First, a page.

The World’s second most populous country, the World’s biggest democracy, the World’s seventh largest by area country, 10th largest by nominal GDP and 3rd largest by purchasing power parity. All very impressive, and all facts that can be used to describe India.
This is a truly fascinating country on so many levels. My Grandfather lived there in the 1930’s and said this then, and that statement still rings true today.
But amid the scale of the place, enormous diversity and rich history, India is very much a country focused on the future, rather than constrained by the past.
Demographics on a vast scale
India’s population is continuing to grow, a different scenario to that in China, where the one-child policy has started to bite and the population is reproducing at a rate below the replacement requirement.
This younger population has the capacity to provide continued robust growth – beyond that of an increasingly aged population. In fact, India has more people in the 15-24 age bracket than any other country. These are the consumers of today and tomorrow!
Further to this, since 1985, more than 431 million Indians have left poverty behind, while the middle class (read consumer class) is set to grow to around 580 million by 2030.
Value add services such as outsourcing are well bedded in, into the Indian economy (7 of the worlds top 15 IT companies outsource to India) and this has led to a large and ever growing consumer market.
To give some idea of scale, the Indian Telecoms industry is the World’s fastest growing, with an additional 227 million new subscribers during 2011 and in 2013, leapfrogged over Japan as the Worlds 3rd largest smartphone market.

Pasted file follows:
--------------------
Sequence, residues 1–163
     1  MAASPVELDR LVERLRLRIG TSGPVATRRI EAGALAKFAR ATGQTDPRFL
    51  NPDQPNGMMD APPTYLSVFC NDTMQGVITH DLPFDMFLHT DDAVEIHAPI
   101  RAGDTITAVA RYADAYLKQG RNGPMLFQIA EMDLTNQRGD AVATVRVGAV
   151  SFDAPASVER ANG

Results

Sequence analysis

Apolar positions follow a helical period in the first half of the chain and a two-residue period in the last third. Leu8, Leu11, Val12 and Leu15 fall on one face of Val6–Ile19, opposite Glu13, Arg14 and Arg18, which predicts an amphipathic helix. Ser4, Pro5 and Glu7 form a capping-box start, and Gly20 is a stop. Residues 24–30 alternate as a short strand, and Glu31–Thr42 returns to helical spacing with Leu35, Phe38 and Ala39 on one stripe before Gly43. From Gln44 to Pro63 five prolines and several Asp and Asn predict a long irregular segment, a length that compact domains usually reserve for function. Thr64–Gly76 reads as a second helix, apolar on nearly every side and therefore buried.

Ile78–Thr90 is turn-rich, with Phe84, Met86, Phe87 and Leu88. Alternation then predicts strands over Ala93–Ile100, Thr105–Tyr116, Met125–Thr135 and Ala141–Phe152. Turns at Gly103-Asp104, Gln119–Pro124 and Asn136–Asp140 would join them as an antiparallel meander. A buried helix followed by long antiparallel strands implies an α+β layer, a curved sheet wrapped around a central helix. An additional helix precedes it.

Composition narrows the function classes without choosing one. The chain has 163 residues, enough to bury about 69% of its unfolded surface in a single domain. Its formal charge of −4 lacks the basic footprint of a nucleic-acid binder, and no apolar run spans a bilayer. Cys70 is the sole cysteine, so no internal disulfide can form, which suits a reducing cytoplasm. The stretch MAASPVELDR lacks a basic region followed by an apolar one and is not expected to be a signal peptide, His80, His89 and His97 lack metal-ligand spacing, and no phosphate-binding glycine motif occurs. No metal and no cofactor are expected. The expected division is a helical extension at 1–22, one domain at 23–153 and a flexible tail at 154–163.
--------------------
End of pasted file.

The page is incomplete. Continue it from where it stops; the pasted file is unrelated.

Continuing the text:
Big numbers and big shifts, so where is the opportunity?
One of the big differences with India and China is infrastructure. While China has built all things new, over the past 20 years and on an incredibly vast scale, India has by comparison, barely started in regards to building.
Naturally this provides great opportunities in the resources space as, while India has raw materials, the quality or grade – take Iron ore for example – is not great. As such, this may help underwrite the tapering off of Chinese demand for the big guys and enable a soak up of production.
What about direct investment?
From a foreign investment perspective, India may well have a reputation for some corruption, but this is more than offset by the quality, education and skill level of the workforce, political direction (currently the Government enjoys a majority, a first for India since 1984) and that it is a democracy.
While there are legacies of the past – the Caste system maintained by the former British Raj – India continues to look forward, to its future.
Given a weaker global economy, finding growth will require a wider field of vision than the traditional markets
With the increased popularity of Exchange Traded Funds, getting exposure to the Indian economy and market is more readily accessible than ever before.
The sheer beauty of this, is the ability to invest or trade via the major equity exchanges. For example, EPI Exchange Traded Fund, which is actually traded on the New York Stock Exchange.
Having some exposure, within a speculative growth portfolio, seems to make a lot of sense for investors who are looking for growth opportunities within a more anemic global investing environment.
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